Luke Cage is misunderstood, especially by the powers that be. But in Netflix’s latest original superhero series, Cage (Mike Colter) is actually the hero you’d want living in your neighborhood. He’s the man with the unbreakable skin, the man with the steely gaze. He’s all that stands between the good people of Harlem and those who do evil. With panache, Luke Cage delivers with a stylized mood brought on by its music and visuals, combining crime noir with superhero ideals to provide a singular form of entertainment.
Told in thirteen episodes, the first season of Luke Cage is about family, community, power, and purpose. When we meet Cage – post-Jessica Jones – he’s sweeping hair for Pop’s (Frankie Faison) barbershop and washing dishes in the club of violent gunrunner Cornell “Cottonmouth” Stokes (the excellently restrained Mahershala Ali) in order to make ends meet. When violence bleeds over from the battle between Cottonmouth and other seedy elements, Cage is swept up in a river of violence and opportunity, left to choose whether he will use his powers for good or fly below the radar.
Unlike the other Netflix/Marvel matchups so far, Luke Cage begins with the immediate confrontation between Cottonmouth and Cage, but quickly spiderwebs out into various villains and situations. Yes, there’s another snake-themed character in William “Diamondback” Stryker (Erik LaRay Harvey) who quotes Scripture while intent on killing, but there’s also Cottonmouth’s councilwoman cousin, Mariah Dillard, who wants to politically unite the various criminal elements; Hernan “Shades” Alvarez (Theo Rossi), a criminal middleman with connections to Cage’s past who is even more snakelike than those with reptilian names; Turk Barrett (Rob Morgan), a petty criminal who connects the Marvel universe back to Daredevil; Seagate Prison’s chief officer Albert Packham (Chance Kelly), and various other villains from the past and present of the Cage universe.
But this isn’t solely – even primarily – a superhero show. Instead, it’s a hardboiled criminal exposition about those issues that plague our culture today, from the casual violence of those in power to the racial relations that breakdown within communities of the same race. And we see that most clearly in the role of Detective Misty Knight (Simone Missick), who casually enters into a romantic relationship with Cage and later ends up as his biggest advocate, knowing the character of the man himself.
Through Knight we see the way that expectations are placed on strong black men without respect for who they are and what they could be, and on strong black women who dare to wade into the police force without receiving equality even while their lives are on the line. The social dynamics – the inequality of life – are played out in a way here that seems realistic because of Cage’s more ‘normal’ persona. Thanks to the well-crafted script and balanced action, we can see the way that the two fight through- just don’t think this is solo individuals doing it on their own, because community is huge.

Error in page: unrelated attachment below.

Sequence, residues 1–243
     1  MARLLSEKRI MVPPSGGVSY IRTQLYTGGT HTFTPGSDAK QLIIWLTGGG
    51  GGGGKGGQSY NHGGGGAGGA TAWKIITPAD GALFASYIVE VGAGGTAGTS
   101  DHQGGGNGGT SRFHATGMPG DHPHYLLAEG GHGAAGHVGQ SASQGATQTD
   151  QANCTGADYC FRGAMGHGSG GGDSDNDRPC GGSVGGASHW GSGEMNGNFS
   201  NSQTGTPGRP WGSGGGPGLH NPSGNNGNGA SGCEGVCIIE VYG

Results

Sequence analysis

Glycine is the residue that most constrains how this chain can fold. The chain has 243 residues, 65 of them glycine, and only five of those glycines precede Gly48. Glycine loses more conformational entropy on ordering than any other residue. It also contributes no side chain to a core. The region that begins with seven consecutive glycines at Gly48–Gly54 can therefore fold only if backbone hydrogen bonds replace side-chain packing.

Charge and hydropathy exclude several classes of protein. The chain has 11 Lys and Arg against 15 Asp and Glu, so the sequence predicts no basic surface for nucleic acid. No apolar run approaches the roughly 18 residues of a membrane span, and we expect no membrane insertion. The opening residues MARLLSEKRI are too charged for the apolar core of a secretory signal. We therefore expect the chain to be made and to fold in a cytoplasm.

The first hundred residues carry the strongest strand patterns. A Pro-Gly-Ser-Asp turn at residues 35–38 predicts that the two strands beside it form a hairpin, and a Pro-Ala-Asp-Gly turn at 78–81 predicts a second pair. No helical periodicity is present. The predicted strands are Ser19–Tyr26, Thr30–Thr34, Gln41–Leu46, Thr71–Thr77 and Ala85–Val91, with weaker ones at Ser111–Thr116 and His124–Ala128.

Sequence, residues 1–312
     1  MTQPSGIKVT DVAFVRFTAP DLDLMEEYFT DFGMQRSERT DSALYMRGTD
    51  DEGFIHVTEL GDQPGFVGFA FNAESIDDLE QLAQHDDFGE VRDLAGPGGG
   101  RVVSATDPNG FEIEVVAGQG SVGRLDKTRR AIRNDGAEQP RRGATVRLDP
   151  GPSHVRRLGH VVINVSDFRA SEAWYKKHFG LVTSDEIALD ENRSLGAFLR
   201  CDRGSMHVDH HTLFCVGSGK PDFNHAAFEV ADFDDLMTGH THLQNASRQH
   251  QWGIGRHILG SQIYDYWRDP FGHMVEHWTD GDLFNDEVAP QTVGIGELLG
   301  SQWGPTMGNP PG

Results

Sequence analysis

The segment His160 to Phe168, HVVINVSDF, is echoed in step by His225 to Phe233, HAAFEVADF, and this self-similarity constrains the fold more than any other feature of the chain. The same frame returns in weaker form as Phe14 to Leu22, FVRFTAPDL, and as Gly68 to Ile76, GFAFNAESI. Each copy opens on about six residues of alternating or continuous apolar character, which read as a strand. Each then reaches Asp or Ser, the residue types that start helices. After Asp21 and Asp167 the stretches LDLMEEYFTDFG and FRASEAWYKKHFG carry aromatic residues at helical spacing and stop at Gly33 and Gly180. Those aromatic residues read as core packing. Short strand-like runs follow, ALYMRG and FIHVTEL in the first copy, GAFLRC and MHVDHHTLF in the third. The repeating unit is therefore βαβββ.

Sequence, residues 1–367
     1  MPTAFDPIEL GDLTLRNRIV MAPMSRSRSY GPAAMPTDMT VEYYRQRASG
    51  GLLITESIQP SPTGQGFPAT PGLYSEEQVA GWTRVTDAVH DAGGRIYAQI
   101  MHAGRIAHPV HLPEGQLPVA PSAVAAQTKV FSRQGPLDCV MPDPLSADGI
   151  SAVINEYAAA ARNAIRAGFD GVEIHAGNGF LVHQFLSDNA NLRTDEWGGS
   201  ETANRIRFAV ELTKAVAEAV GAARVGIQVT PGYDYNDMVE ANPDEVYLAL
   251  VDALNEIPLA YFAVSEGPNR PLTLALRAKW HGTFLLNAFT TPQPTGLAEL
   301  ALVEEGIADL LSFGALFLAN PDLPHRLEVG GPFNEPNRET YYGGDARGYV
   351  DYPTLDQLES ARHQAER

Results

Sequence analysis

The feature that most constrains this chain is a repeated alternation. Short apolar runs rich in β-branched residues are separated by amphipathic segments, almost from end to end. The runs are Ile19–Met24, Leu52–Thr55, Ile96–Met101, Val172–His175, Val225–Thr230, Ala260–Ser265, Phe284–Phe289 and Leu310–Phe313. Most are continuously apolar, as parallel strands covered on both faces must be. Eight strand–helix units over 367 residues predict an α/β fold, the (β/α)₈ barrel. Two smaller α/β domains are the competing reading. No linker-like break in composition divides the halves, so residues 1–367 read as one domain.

Thanks to advice from Matt Murdoch’s pal Claire Temple (Rosario Dawson), Cage goes from avoiding the spotlight to issuing statements like, “This is my cross to bear, because no one else can do it.” We see the change in the way that Knight refuses to let go of her stance as the arm of righteousness when she tells an Internal Affairs investigator, “I don’t just seek justice; I stalk it.” These are people who are facing real-world evil, and still refuse to let go of what could be good because they see the value of those around them, and recognize their own gifts.
The ‘what could be’, the ‘what is’, and the ‘what was’ all collide in the narrative arc of the first season of Luke Cage. We see the past life of Cage’s play artfully out through memories, while hearing from those who knew him about what his life pre-Seagate looked like. We see in various viewpoints what it looks like for Cage to positively impact his community for good, even in the midst of great personal loss, and understand that mixed into the political and social DNA of this show is a message that #BlackLivesMatter – that the lives of each person matters to the good of the community. We see it in the heroism of our protagonists, and in the dirty politics of its villains – who go so far as to sell weapons citing ‘black fear’ and taking less-than-veiled shots at gun lobbyists and the image of black violence against white cops. While Hell’s Kitchen might have a masked savior, Luke Cage proves that Harlem needs a leader and a willing servant who plans to stand for every man because he is an every man.
Carefully doling out superhero specialized effects when needed, Luke Cage is the kind of show that will draw in non-superhero fans if they’ll give it a chance. It’s asking major questions about what life looks like – if money and power really trump righteousness, if vigilanteism is part of our DNA (not just in those who wear masks or badges), and if people can really change. It’s asking us to consider how we determine who’s right, who has the power and who should have it, and what it means when we find ourselves seeking a savior, a hero, and refused to acknowledge that maybe we need to change ourselves, too.